Potato industry leaders who are driving forward proposals for a new representative organisation funded by voluntary subscriptions say they have a “clear mandate” to take plans to the next stage.
The group tentatively known as GB Potatoes has held meetings in Angus, Aberdeenshire, the Black Isle, the Royal Highland showground and venues across England where they set out their ideas for a body that would fill the void created by the industry’s rejection of the AHDB Potatoes levy.
Details of three suggested strands of funding were outlined at the meetings.
For growers the proposed contribution would be £5-£10 per hectare (around 20% of the AHDB levy), for first purchasers (who previously did not contribute to the levy) the fee would be 5-10p per tonne, and agronomy companies, packers, processors and other service providers would be asked to contribute £250 for each £100,000 of trade.
All the figures are provisional and would have to be agreed by an appointed board.
The group says that if it is able to get support from even half of all seed and ware growers in the UK the structure as currently proposed would net around £475,000 – £500,000 per year.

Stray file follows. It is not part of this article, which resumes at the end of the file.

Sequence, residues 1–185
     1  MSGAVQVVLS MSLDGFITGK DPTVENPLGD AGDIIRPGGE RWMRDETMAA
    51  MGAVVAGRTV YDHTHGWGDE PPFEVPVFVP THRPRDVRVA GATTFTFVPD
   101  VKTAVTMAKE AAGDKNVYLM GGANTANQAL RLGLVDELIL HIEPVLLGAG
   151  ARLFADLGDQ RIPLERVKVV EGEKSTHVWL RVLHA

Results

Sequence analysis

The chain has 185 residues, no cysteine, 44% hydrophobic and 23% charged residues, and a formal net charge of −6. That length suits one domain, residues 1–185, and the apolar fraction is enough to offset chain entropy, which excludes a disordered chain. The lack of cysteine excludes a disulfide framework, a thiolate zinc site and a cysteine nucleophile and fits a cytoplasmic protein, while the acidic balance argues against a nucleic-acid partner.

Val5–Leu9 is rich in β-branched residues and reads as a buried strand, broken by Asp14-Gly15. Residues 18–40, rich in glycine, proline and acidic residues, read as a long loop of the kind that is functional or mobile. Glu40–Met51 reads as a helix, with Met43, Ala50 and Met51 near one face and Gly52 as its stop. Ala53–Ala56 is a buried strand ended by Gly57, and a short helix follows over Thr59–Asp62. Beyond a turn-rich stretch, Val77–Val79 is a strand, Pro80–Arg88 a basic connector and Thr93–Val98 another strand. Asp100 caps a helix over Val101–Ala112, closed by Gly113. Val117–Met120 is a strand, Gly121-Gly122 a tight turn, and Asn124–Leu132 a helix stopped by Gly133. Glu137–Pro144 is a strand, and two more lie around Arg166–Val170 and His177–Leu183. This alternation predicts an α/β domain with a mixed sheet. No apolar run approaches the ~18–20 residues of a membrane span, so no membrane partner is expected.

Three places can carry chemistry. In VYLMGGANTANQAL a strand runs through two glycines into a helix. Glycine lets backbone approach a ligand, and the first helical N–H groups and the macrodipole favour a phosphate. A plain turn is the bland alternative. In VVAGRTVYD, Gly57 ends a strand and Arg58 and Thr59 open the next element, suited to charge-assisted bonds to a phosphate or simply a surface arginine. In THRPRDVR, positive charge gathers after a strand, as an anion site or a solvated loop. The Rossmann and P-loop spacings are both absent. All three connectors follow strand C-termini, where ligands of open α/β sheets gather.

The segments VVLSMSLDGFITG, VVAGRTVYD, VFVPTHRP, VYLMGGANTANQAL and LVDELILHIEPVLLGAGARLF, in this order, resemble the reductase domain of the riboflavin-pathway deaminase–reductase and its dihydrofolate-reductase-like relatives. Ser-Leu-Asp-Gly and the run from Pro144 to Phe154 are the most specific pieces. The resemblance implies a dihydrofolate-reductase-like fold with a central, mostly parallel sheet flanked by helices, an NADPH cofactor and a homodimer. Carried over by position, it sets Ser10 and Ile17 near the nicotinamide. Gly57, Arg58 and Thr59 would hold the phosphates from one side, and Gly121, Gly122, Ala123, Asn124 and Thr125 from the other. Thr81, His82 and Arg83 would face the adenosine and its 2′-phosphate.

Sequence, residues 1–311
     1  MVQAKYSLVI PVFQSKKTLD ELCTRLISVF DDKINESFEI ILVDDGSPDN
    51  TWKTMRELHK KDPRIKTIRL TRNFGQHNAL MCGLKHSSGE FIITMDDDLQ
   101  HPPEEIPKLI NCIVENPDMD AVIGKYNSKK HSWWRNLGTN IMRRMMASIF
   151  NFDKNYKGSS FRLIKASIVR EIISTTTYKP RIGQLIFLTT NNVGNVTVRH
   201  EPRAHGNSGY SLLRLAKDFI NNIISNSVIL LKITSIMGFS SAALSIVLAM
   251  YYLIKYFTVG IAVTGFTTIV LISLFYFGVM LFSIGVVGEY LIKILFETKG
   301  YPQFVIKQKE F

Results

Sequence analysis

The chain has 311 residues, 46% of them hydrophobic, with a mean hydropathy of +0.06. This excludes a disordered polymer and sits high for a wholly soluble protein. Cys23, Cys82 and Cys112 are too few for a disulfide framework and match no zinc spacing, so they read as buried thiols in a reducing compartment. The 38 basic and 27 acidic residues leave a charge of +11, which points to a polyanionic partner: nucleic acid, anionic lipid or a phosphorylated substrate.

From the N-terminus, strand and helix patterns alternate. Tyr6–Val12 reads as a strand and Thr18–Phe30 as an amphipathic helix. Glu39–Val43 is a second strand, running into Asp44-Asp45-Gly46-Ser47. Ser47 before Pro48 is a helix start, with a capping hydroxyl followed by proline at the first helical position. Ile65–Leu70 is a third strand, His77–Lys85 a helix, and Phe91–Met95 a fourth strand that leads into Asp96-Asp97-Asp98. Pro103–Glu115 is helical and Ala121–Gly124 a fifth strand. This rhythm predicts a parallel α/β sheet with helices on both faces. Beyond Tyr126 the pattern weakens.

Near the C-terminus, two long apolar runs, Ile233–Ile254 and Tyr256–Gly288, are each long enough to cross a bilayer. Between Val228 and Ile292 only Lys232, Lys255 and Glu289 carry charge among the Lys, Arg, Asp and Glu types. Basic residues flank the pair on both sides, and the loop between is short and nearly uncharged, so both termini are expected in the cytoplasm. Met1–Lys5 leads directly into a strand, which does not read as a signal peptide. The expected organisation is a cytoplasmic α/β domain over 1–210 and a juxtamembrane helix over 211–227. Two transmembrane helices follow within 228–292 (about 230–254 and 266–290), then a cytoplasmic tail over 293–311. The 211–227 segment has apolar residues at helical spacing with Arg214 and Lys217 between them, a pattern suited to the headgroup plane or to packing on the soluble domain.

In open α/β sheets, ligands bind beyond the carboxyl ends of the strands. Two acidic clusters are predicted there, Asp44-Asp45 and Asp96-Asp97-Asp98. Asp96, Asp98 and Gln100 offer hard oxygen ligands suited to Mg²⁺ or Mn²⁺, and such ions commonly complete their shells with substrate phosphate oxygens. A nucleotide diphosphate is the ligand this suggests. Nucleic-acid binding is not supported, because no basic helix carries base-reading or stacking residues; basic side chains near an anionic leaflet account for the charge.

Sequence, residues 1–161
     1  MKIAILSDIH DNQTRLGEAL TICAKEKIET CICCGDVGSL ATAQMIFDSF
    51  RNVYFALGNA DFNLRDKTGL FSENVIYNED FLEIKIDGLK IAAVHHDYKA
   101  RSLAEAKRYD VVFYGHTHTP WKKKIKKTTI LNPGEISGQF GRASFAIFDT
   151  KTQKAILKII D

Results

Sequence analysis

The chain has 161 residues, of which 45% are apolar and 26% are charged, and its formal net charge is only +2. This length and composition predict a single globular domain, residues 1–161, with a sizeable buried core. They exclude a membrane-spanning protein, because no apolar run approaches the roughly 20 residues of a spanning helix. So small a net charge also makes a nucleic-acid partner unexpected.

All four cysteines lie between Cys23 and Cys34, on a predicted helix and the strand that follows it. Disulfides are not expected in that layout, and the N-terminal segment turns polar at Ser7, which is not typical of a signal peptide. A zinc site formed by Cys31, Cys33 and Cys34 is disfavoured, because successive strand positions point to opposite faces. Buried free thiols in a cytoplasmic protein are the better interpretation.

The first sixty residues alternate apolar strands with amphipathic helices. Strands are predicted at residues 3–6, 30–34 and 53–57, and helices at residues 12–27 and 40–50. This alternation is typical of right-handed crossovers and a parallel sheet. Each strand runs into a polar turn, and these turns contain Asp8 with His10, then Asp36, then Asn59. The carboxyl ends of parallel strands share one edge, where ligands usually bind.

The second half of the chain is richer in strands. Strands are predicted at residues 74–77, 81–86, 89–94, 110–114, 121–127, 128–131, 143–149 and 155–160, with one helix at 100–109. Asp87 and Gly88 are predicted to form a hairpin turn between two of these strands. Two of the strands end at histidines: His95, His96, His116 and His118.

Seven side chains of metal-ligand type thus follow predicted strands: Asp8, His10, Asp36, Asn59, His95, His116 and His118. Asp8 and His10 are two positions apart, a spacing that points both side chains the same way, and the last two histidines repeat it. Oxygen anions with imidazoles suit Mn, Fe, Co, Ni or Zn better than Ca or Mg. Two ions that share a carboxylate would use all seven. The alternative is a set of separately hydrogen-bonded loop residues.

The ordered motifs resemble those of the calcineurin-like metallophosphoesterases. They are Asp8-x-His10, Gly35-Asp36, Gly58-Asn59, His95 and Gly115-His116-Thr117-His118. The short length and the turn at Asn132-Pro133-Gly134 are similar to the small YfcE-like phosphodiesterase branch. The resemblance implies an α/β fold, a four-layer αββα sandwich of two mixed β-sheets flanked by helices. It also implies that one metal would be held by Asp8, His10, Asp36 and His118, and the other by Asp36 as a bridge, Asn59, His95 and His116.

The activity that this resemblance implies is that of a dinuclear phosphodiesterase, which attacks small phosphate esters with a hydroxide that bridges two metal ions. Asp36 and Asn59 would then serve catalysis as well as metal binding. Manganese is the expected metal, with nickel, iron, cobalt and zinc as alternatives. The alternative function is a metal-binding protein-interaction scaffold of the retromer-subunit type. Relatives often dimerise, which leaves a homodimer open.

The funds would be used to fight the industry’s corner with governments, coordinate research, development and innovation, and maintain essential services such as blight and aphid monitoring which were previously funded by AHDB levy payers.
Agrico UK executive director Archie Gibson, who is driving forward the proposals in Scotland, said the feedback from those who attended the meetings was that they were willing to contribute to a new organisation.
“There was an absolute recognition for the need for an overarching organisation such as GP Potatoes to champion the cause of the sector and all its different segments so that we could engage with government officials and ministers in all the devolved administrations,” he said.
“We got a green light to carry on, and we are now writing to all interested parties asking if they are willing to put their money where their mouths are.
“We will also ask if they are willing to complete a declaration setting out how much they grow or what tonnage they buy.”
Mr Gibson said he accepted not everyone would contribute towards a voluntary subscription, but data could be managed to avoid “freeloaders”.
One of the most pressing issues for any new body would be restoring seed potato trade with Europe, however Mr Gibson said it was essential to have a “relevant offer” that would reflect all aspects of the industry.